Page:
You may have seen durian in Chinatown in yellow plastic mesh bags where the fruit is often sold by the container and you don’t have to buy a whole one; you might conceivably experiment with whatever is available. But these were a cut above. As we left, I realized that something about the experience had been unusual: I asked Dave if he had noticed any of the customary malodourous bouquet. He replied no, but he thought perhaps he was a little congested that morning. I knew I wasn’t congested that morning. There had been no unpleasant smell to contend with. Had we stumbled upon that elusive golden window of odorless but sweet opportunity? Was that particular Musang King odor free? Or perhaps all of them in that lot? Did it have something to do with the fact that it had been frozen and thawed? We were beyond the point of going back and asking Fion, but I think it’s worth a return visit to get some answers!
 
 

Bake Culture

Instagram Post 6/14/2018

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As I continue to update my Manhattan Chinatown ethnojunket, I find that there’s always a new bakery that has popped up, and although they sell many similar items, there are often a few surprises. Bake Culture at 48 Bowery has a branch in Flushing and its roots in Taiwan and presents a clean, sleek image to its millennial customers. The brainchild of three Taiwanese boy band members, they offer items that are touched with whimsy like Seashell Bread, Chocoholic Bread, Hot Dog Bunnies, and this Chocolate Dipped Coconut Sheep Bread. It’s actually not bad; chocolate dipped horns and candy eyes with a tasty version of that eggy yellow coconut filling that you’ve probably sampled before.

Photo #2 – To reacquaint yourself with the filling.

Photo #3 – They simply call this one German Pudding, a common name in Singapore for this kind of custard tart; it sports a crust that’s a bit more sturdy and flavorful than a standard Chinatown dan tat and a filling that’s a little lighter and less dense than others I’ve tried around these parts. Good stuff!

(I guess this is how these former musicians are making their bread these days! 😉)
 
 

46 Mott Street

Instagram Post 6/10/2018

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46 Mott Street. That was the only name. A holdover, perhaps, from Manhattan Chinatown’s early days when businesses were sometimes referred to only by their addresses? I thought the venue looked familiar, but I didn’t recall that name. Then I remembered the former occupant of that space, Fong Inn Too, the oldest and much beloved independently-run tofu shop in the US as well as the controversy surrounding its space, the particulars of which I won’t detail here, except to say that I fondly remember the warm douhua (tofu pudding) they scooped from huge bins.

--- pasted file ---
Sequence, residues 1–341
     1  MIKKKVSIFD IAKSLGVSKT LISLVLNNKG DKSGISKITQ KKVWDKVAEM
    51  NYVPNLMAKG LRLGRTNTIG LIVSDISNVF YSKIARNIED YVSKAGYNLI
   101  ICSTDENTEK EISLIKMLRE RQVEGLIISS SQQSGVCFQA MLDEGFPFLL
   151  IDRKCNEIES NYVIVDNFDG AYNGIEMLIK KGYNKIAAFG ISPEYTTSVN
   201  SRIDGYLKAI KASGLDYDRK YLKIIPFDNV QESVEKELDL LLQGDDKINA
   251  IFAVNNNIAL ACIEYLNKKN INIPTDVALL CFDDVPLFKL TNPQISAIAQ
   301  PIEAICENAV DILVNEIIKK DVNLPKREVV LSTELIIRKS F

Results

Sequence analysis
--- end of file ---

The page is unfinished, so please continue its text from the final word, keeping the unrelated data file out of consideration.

A message hand-sketched in streaky yellow paint (see photo 3) graced the new proprietors’ window: “Welcome to 46 store” so I decided to check it out. They still feature soy milk and tofu products, steamed sweet and savory cakes, as well as some other prepared items like these two: (photo 1) Representing the sweet division, thick, chewy glutinous rice dumplings filled with chopped peanuts and coconut, and for the savory side (photo 2) crispy fried fish skins with a sweet and spicy dipping sauce. Betcha can’t eat just one!
 
 

Miscelanea

Instagram Post 6/4/2018

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Tucked away in the East Village and down a few steps, you’ll discover Miscelanea at 63 East 4th St; they’ve been around for about three years and here’s hoping they stay around a lot longer. A tiny market cum sandwich counter, it serves the neighborhood well with all of the cocina mexicana essentials you’d expect like mole, Oaxacan cheese, fresh nixtamal tortillas and chorizo, canned necessities like huitlacoche and flor de calabaza and bottles of Mexican soft drinks in addition to chapulinas (roasted grasshoppers), sal de gusano (mezcal worm salt) and the like. The menu boasts about eight traditional sandwiches plus snacks and appealing Mexican beverages. Here’s half of a Pollo con Mole torta (shredded chicken breast, mole sauce, crema, lettuce, queso fresco and more), pickled veggies on the side.
 
 

New Flushing Bakery

Instagram Post 6/2/2018